A Classic Shakshuka That Will Shake You

The Israeli breakfast staple, shakshuka, is dominating the American brunch canon

Stroll down streets of Tel Aviv, lined with its whitewashed Bauhaus-inspired buildings, on a Friday morning and hit up any of the city's countless outdoor cafés, and tucked between early morning salads and the ubiquitous "Israeli breakfast," you will invariably find some version of shakshuka on the menu: a skillet of simmered tomatoes, hot peppers and spices, topped with eggs poached in the red inferno until the whites are set but the yolks are still pockets of liquid sun (see the recipe).

"To an Israeli, when you order shakshuka, it's like [when Americans order] two eggs and sausage," food writer and cookbook author Adeena Sussman, who lately has split her time between New York and Tel Aviv, explains. The dish, which came to Israel with immigrants from Tunisia, is an essential part of the Israeli breakfast canon and, in recent years, has increasingly become a popular staple of brunch menus around the U.S.

Eight years ago, however, when Israeli chef Einat Admony opened her Nolita restaurant, Balaboosta, with shakshuka on the menu, few of her diners knew what it was: "They couldn't even say it back then. 'Shak-what?'" she recalls them asking, dragging out the a in "what." These days, she says only tourists ask her servers what the dish is when ordering one of the three variations she offers at her restaurants: a traditional recipe at Balaboosta; another prepared with eggplant at her new Barcelona-meets-Tel Aviv spot, Combina; and one made with spicy tomato-based chrime sauce, goat's-milk feta and za'atar at Bar Bolonat.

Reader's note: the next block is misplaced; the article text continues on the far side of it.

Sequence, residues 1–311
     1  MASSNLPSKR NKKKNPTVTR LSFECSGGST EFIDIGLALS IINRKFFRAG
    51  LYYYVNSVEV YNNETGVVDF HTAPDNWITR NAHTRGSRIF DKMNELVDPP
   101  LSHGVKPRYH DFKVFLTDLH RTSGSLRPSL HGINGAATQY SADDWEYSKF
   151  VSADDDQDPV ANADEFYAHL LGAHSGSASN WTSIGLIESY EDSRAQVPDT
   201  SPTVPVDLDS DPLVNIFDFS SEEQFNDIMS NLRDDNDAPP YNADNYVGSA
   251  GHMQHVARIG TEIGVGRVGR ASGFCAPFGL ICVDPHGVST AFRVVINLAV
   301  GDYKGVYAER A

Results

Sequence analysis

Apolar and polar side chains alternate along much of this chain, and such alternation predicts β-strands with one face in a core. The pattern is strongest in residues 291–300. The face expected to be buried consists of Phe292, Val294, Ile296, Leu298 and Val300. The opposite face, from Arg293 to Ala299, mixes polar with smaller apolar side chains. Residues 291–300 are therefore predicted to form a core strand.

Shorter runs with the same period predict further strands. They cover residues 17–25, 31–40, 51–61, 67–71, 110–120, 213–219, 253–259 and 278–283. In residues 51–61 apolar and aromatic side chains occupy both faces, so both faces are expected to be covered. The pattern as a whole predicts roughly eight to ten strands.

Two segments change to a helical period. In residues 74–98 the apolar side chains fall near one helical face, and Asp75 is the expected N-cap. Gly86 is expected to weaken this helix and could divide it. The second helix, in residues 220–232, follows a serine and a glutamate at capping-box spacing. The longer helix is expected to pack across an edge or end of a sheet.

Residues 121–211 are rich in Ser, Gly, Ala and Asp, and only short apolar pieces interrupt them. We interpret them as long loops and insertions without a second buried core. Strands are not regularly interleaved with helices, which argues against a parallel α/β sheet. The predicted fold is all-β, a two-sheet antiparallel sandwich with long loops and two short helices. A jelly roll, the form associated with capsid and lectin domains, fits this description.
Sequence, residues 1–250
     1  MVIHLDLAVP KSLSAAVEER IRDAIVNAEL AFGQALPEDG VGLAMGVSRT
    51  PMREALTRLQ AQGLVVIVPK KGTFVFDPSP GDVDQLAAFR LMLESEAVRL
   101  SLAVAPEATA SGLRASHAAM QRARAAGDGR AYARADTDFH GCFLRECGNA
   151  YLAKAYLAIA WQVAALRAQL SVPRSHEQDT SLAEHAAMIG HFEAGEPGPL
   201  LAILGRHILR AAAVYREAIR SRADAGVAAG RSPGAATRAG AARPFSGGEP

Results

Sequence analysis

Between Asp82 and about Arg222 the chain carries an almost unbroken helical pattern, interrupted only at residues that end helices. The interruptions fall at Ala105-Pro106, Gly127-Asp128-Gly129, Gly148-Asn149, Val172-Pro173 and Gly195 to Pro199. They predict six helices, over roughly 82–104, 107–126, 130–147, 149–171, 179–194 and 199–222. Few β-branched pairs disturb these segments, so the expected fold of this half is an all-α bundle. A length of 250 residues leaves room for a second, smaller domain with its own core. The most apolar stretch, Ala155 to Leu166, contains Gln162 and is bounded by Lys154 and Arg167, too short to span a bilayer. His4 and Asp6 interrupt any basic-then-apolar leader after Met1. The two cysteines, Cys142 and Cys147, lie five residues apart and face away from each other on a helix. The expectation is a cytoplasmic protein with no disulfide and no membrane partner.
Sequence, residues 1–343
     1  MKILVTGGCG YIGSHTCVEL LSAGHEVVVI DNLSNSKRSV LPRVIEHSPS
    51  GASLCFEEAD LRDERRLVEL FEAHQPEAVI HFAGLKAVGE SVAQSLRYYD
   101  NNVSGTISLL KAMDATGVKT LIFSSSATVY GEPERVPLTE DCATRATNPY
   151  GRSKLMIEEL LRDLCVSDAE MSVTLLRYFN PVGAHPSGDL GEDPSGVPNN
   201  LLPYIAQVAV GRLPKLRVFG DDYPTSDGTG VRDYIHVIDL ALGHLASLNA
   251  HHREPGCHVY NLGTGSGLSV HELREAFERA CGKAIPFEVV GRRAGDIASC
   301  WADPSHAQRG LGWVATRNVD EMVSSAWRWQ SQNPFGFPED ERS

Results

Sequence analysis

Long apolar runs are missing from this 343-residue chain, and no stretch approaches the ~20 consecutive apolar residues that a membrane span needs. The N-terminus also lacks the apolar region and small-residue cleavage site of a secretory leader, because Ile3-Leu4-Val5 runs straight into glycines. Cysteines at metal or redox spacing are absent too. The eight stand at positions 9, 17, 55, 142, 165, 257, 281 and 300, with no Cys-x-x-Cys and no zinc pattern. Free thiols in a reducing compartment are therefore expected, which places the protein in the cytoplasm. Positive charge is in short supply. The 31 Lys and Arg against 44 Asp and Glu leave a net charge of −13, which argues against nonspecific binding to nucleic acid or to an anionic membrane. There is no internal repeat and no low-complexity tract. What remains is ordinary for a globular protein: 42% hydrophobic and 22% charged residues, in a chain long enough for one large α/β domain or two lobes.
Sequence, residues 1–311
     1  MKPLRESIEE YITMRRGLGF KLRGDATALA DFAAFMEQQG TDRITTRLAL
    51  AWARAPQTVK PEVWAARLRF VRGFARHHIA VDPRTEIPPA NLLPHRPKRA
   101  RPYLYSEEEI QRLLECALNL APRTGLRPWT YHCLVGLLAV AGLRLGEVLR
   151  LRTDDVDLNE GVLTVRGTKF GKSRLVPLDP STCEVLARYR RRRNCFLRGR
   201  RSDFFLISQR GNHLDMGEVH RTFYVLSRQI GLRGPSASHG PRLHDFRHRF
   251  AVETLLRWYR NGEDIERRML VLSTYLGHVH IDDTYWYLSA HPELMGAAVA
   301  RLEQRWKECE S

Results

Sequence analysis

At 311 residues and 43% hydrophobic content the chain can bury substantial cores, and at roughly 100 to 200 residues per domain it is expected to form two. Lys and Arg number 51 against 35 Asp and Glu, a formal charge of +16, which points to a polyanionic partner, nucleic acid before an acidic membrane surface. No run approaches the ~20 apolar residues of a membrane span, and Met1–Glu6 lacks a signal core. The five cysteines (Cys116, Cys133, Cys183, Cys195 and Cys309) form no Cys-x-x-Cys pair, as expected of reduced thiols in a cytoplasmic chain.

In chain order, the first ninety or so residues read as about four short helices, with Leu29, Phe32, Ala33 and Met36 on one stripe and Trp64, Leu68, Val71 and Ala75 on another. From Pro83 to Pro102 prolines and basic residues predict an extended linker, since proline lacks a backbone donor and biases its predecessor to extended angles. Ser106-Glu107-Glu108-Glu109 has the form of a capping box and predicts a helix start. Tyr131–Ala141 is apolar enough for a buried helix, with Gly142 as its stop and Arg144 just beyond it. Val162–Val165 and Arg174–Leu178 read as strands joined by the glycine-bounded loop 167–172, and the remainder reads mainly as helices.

Admony isn't the only chef playing with the dish. After all, the root of its name means something akin to "all shaken up" in Tunisian Arabic and sounds like the Hebrew word for the action of tossing something in a pan—so the variations are endless. There's a rendition made with black kale and yogurt at L.A.'s always-busy République, numerous versions with spicy and earthy merguez sausage hanging out on brunch menus around the country, and when New Orleans-based chef Alon Shaya hosted a sold-out pop-up in New York City last year, he served a variation with shrimp and field peas—an unmistakable nod to Louisiana cuisine.

It's a dish that easily travels, bending to conform to the cook's taste and to whatever is in the refrigerator (or the market), enhanced by almost anything added to it, from chewy chunks of haloumi to bright leaves of Swiss chard and piquant tomatillos. And, unlike other iconic Israeli foods, like hummus and falafel—which can cause furious debate about which restaurant makes the one true version—Israelis rarely argue about what the "right" way to make shakshuka is.

It is simply and delightfully accepted as is, perhaps because it started at home. "My mom would make it when . . . she didn't have any time," Israeli-born Mimi Kitani of Mimi's Hummus in New York recalls. At the restaurant, she serves a classic shakshuka made with roasted tomatoes warmed by cinnamon. "She was too tired, and she needed to do something really fast; it was like, 'Oh, shakshuka,'" she says as she makes a fast-paced hand motion mimicking cooking. "Dinner! Enjoy!" Admony remembers similar dinners when she shared a Tel Aviv apartment with friends years ago, throwing together what they had.

At its core, shakshuka is a dish that can simply be tossed together at dinner or breakfast or even at midnight—whenever you feel like shak'ing up.